Who do you trust with your health care?

by | September 25, 2017 6:37 am

Democratic Dialog – by Debra Wines

Just in case you haven’t noticed, the Senate is once again trying to repeal and replace the Affordable Care Act. Since Donald Trump was inaugurated, the Republicans have promised to actually get rid of the Affordable Care Act, this time with Donald Trump’s blessing. Of course, he did promise Americans, repeatedly during his campaign, he would replace the ACA with something better and less expensive that would cover everyone. Shortly after his inauguration and discussions with Congressional leaders, on the subject of healthcare, Mr. Trump made a public statement regarding healthcare, “Who knew it was so complicated?” I laughed when I heard that statement because I thought he was being facetious. Later, when I heard more of his comments about healthcare, I realized he truly did not understand the health insurance issues facing the majority of Americans. I am beginning to think most of our elected leaders either don’t understand it or they don’t even care. It has become obvious many of them don’t even want to discuss the issues with their constituents.

We’ve seen the news coverage and read the articles about citizens across the country trying to talk to their Senators and Congressmen about healthcare insurance and their inability to even get these elected officials to acknowledge them, let alone listen to their concerns. We have seen a majority of those senators and congressmen go out of their way to avoid their constituents. Various groups of concerned citizens and individuals have called and sent letters, cards, and emails to their elected officials with their concerns over the proposed changes to healthcare coverage. Along with the citizens, organized groups of doctors, hospital administrators, and other medical groups have done the same thing. They have testified and have continuously stated their concerns regarding the various changes being proposed by the majority of Republicans. Yet, it seems with each new proposal from Senator Alexander and his committee, the healthcare coverage being offered to the average American gets worse by eliminating coverage for certain health issues and/or making coverage for the basics more expensive and out of reach for more and more people.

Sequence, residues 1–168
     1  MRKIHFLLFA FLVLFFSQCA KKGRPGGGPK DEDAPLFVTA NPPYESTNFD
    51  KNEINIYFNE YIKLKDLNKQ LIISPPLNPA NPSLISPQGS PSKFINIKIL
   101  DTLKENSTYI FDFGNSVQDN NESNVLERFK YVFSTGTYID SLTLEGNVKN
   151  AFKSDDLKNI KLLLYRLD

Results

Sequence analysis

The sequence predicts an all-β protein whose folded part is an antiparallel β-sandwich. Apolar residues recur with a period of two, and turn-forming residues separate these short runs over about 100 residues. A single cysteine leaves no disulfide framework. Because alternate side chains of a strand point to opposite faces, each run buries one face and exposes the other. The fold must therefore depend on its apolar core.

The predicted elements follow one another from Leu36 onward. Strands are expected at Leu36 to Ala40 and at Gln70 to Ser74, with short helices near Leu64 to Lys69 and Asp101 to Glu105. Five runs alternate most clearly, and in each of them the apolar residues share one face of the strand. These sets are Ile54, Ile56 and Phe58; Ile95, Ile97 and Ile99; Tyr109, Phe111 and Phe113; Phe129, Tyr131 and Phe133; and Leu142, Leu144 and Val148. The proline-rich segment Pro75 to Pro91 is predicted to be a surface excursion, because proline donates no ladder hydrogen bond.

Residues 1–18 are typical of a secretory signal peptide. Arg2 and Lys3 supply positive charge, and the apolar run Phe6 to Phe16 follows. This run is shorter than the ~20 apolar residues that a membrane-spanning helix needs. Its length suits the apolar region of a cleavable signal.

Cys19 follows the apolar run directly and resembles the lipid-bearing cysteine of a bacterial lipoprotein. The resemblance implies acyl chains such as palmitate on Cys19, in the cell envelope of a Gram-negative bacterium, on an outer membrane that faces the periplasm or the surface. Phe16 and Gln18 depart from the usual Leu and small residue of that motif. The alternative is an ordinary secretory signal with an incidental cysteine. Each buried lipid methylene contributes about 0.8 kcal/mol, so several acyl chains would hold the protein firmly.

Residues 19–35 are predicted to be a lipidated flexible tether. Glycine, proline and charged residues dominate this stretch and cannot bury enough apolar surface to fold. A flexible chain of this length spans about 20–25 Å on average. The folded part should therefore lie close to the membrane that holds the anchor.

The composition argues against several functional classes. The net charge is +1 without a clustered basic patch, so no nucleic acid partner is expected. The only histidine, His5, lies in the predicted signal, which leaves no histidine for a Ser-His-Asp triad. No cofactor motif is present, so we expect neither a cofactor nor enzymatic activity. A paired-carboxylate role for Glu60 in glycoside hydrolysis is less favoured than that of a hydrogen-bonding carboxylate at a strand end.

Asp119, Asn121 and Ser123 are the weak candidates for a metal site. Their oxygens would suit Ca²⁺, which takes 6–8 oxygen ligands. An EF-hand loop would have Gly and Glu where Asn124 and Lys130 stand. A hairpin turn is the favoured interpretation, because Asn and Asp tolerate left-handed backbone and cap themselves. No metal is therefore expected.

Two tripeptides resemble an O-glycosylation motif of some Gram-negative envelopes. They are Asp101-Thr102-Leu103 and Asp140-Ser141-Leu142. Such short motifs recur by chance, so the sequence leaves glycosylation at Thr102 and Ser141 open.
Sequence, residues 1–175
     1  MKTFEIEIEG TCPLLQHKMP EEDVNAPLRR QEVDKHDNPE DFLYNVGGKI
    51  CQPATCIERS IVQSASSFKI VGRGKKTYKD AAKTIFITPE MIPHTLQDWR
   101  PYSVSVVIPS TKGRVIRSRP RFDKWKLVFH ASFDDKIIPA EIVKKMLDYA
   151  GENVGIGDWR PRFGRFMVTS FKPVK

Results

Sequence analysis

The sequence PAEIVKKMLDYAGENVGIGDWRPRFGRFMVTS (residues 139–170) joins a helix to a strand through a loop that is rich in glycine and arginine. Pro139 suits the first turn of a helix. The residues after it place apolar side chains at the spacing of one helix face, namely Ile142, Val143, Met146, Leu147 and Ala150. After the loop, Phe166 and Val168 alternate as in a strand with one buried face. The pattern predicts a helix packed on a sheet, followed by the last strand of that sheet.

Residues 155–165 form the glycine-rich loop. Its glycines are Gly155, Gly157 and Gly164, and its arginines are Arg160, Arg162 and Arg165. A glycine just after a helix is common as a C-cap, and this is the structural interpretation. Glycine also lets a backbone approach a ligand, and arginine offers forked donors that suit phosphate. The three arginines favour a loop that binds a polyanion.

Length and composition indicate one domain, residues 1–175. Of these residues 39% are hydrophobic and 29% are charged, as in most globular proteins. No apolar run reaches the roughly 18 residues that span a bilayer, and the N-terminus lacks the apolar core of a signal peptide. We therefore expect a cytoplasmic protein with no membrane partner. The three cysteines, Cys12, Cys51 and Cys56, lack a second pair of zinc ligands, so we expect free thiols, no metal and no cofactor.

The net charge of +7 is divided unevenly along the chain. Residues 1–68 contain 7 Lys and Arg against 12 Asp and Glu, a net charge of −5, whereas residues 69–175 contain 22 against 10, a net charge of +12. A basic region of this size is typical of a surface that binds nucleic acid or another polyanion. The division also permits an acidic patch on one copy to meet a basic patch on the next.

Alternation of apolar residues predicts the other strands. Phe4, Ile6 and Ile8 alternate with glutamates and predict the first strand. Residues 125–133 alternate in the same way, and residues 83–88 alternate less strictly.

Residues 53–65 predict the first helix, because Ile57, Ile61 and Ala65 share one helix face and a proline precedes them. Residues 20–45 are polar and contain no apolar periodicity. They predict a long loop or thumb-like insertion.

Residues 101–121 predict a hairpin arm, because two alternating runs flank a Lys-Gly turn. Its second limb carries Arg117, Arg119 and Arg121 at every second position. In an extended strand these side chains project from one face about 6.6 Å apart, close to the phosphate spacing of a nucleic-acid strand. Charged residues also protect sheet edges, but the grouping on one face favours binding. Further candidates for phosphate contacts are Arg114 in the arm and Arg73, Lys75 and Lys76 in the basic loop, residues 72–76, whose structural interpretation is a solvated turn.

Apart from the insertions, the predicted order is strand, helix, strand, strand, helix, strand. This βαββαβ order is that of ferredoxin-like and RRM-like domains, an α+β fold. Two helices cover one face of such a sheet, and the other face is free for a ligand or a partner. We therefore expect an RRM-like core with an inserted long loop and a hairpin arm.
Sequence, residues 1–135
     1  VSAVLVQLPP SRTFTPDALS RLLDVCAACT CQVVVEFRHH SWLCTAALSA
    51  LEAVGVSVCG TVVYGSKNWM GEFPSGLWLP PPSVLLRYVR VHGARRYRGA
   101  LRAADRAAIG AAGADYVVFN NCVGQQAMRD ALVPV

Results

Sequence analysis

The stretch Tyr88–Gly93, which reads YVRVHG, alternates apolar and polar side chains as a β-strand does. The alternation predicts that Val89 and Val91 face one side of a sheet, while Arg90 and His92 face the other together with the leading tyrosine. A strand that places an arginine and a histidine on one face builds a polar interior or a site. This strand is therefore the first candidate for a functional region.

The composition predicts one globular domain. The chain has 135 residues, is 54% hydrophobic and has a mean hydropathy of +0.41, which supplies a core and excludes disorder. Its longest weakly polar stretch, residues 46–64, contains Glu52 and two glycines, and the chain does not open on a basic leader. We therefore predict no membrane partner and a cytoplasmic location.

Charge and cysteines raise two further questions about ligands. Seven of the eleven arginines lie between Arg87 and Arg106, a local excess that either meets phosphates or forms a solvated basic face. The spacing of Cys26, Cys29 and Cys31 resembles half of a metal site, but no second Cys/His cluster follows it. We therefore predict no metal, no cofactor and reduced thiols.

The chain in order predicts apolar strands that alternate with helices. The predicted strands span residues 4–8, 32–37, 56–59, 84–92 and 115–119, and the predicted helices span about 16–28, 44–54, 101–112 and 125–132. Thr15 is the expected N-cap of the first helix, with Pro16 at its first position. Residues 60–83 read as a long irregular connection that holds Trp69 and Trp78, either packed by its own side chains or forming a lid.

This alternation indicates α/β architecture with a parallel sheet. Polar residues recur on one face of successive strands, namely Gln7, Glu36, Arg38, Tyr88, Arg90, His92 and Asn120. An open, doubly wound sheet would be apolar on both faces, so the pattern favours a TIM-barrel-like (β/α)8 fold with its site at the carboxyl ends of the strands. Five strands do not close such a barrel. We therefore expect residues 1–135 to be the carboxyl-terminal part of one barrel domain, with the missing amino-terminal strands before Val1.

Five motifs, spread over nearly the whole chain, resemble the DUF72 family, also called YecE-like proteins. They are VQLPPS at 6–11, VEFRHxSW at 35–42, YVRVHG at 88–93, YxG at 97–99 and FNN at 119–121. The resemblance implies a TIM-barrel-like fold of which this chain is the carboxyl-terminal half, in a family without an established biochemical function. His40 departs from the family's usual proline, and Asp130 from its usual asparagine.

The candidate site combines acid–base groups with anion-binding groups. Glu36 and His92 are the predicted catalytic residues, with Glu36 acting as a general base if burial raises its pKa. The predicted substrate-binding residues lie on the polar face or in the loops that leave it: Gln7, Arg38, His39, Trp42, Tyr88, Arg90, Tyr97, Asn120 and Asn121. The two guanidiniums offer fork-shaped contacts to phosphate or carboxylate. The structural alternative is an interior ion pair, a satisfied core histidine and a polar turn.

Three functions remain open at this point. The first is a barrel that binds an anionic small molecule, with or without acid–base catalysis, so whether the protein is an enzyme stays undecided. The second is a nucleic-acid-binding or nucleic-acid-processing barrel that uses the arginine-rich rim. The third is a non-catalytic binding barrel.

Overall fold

Senator John Kennedy (R-LA) wants to include an amendment that will bar individual states from enacting their own form of single-payer systems. Senator Kennedy stated, “I don’t think states should have the authority to take money from the American taxpayer and set up a single-payer system. Now some people think that that’s inconsistent with the idea of flexibility. But that’s what the United States Congress is for. I very much believe in flexibility, and I know governor’s want flexibility. But it’s our job to make sure that that money is properly spent.” (Quoted from theintercept.com 9/18/2017) This amendment is similar to laws many states have passed that prohibit municipalities from setting their own minimum wages or enacting municipal broadband, which were promoted by ALEC (American Legislative Exchange Council), the policy network funded by large corporations like the Koch Brothers.

This newest proposal, known as the “Graham-Cassidy legislation,” suggests removing the pre-existing condition coverage and limiting the amount of coverage for major illnesses, which were an integral part of the ACA. This would be devastating for many of you, your family members, your friends, and neighbors. The Graham-Cassidy proposal will replace direct federal money with block grants to states for funding health insurance programs for its citizens, as they see fit. It would eliminate ACA subsidies that lowered premiums, deductibles and co-pays by 2020. Lump sums of money would be given to each state on an annual basis, and the states would be given leeway on how to spend the money, except if Senator Kennedy has his way, states could not institute a single-payer program.